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Canada ‘seriously concerned’ about ‘oppressive’ poll backdrop

Chiang Mai (Mizzima) – Canadian Minister for Foreign Affairs Lawrence Cannon has expressed on behalf of Ottawa that the government was “seriously concerned” over the conditions under which Burmese elections tomorrow were being held.

dr-seinwin-pmCannon’s office issued a statement on Friday in which the minister was quoted as saying that the Conservative government of Stephen Harper was “seriously concerned that the upcoming Burmese elections, scheduled for November 7, will be held under oppressive conditions”.

The statement said: “We again call on the regime to immediately and unconditionally release all political prisoners, including Aung San Suu Kyi, and to commit to a genuine dialogue with members of the democratic opposition and the various ethnic minority groups within Burma.”

Cannon’s criticism of the Burmese regime was shared by all of the three opposition parties elected to Canada’s federal parliament, who with representatives of the Conservative government, held a special press conference last week to state their concerns about the situation in Burma.

Also present was Tin Maung Htoo, executive of advocacy group the Canadian Friends of Burma, and Dr. Naing Aung, a veteran student activist from the Forum for Democracy in Burma, a coalition of Burma activists based on the Thai side of the Burmese border. The latter is in Canada following an advocacy trip to the United States.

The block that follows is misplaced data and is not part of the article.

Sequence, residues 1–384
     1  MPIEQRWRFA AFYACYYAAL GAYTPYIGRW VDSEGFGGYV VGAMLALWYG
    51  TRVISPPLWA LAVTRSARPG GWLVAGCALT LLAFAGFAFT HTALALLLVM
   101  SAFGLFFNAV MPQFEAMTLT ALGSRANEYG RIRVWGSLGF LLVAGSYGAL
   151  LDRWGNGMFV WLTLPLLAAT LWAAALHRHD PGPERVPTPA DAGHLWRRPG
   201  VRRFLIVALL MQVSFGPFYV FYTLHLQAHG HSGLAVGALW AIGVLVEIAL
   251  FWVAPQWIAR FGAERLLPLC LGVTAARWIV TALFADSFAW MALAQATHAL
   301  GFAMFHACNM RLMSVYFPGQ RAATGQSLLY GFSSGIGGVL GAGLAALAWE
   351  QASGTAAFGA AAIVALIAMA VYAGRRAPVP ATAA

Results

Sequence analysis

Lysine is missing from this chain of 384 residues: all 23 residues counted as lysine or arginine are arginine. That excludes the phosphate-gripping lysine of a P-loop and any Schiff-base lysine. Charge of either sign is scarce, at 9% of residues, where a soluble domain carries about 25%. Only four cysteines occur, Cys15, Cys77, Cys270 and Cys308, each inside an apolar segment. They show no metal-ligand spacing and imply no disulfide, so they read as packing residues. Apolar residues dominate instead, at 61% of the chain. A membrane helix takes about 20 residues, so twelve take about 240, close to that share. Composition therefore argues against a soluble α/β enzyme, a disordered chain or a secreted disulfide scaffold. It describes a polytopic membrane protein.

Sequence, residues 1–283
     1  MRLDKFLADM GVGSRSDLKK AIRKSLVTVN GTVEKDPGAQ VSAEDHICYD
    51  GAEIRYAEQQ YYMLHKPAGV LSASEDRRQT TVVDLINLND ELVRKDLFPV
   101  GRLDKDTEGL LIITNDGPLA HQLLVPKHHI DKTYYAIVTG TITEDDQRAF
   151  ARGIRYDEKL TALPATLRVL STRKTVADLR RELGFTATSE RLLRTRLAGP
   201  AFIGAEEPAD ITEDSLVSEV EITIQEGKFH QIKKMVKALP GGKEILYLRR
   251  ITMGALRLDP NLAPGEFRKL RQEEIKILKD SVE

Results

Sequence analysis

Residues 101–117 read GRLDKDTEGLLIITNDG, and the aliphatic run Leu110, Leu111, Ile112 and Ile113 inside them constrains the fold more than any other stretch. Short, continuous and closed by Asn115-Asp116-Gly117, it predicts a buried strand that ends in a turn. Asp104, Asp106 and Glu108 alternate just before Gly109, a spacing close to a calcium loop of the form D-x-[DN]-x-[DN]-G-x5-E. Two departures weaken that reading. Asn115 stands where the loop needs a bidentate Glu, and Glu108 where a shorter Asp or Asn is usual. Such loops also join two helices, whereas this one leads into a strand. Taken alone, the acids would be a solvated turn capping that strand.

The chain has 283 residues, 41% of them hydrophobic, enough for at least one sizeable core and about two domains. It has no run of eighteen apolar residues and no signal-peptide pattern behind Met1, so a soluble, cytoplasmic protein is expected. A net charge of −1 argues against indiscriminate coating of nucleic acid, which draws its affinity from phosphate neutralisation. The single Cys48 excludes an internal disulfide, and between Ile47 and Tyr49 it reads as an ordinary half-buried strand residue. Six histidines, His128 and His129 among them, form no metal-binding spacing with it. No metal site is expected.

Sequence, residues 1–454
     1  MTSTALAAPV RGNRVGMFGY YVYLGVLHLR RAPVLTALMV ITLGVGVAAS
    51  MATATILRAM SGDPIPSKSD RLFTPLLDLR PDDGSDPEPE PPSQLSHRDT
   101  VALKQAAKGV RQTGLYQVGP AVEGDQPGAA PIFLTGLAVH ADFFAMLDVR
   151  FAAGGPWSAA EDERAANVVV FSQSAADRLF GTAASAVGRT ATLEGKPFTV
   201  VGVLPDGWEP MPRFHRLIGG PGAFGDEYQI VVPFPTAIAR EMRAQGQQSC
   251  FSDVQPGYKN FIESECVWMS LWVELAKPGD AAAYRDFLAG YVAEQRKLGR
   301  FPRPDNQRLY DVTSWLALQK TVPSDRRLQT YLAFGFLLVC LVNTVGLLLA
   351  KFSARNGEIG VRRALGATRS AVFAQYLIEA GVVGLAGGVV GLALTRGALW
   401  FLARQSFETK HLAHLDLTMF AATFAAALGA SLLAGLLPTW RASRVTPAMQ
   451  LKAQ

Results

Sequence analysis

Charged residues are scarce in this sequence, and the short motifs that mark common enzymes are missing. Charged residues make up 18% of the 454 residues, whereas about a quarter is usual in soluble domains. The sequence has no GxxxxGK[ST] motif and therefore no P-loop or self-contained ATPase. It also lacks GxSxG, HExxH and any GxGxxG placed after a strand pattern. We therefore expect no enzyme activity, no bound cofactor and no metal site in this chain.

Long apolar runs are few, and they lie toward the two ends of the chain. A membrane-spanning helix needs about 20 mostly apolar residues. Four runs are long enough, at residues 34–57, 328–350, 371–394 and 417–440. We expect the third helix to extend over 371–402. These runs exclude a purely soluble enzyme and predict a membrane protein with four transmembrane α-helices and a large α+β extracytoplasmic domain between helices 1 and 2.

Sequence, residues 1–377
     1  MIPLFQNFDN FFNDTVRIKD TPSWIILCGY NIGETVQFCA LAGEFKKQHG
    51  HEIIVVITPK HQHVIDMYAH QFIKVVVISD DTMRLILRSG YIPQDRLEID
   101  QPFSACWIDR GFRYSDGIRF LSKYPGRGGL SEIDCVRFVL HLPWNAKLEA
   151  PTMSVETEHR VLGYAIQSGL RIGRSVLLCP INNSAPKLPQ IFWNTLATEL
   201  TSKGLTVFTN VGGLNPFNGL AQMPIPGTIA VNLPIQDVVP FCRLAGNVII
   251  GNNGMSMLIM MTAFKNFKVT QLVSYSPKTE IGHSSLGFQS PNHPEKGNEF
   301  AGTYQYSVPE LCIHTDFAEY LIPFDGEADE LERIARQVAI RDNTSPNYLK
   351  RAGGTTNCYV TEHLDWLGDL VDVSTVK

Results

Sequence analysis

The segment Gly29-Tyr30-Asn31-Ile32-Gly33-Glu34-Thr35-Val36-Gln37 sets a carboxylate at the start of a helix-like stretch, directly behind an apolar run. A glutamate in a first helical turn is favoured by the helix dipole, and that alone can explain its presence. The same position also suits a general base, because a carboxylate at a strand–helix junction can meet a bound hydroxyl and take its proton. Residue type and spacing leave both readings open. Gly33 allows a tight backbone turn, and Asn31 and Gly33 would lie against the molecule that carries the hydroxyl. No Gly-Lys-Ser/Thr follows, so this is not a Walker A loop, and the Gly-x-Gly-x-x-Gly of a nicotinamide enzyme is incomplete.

Tin Maung Htoo said many Burma exiles and refugees would be staging rallies across Canada this weekend to protest what he termed “the sham election held under a sham constitution”.

He told Mizzima that Burma’s first election in 20 years “is an electoral farce, designed to prolong the rule of the generals and their stooges”.

“After nearly five decades of rule, the Burmese military has opted for a costume change; the generals are now wearing civilian clothes but their hands are still stained with blood,” he added.

The Ottawa-based activist did not expect much to change after the election as “this so-called parliament will really just be a giant country club for retired military officials, where General Than Shwe’s friends in the USDP [the junta-backed Union Solidarity and Development Party] will have an overwhelming majority. The so-called elected opposition will consist of a small rump of has-beens in the NUP [National Unity Party] who were followers of General Ne Win. Meanwhile, everyone else in Burma will continue to suffer and the army will continue to wage all-out war against the Karen, Kachin, Shan and other ethnic minorities”.

Last Updated ( Sunday, 07 November 2010 01:12 )  
The Kachin’s last stand
Since October this year, Burma has been in a state of civil war, with fighting between Burmese military and armed ethnic rebels. The ruling junta started a crackdown on these armed groups.

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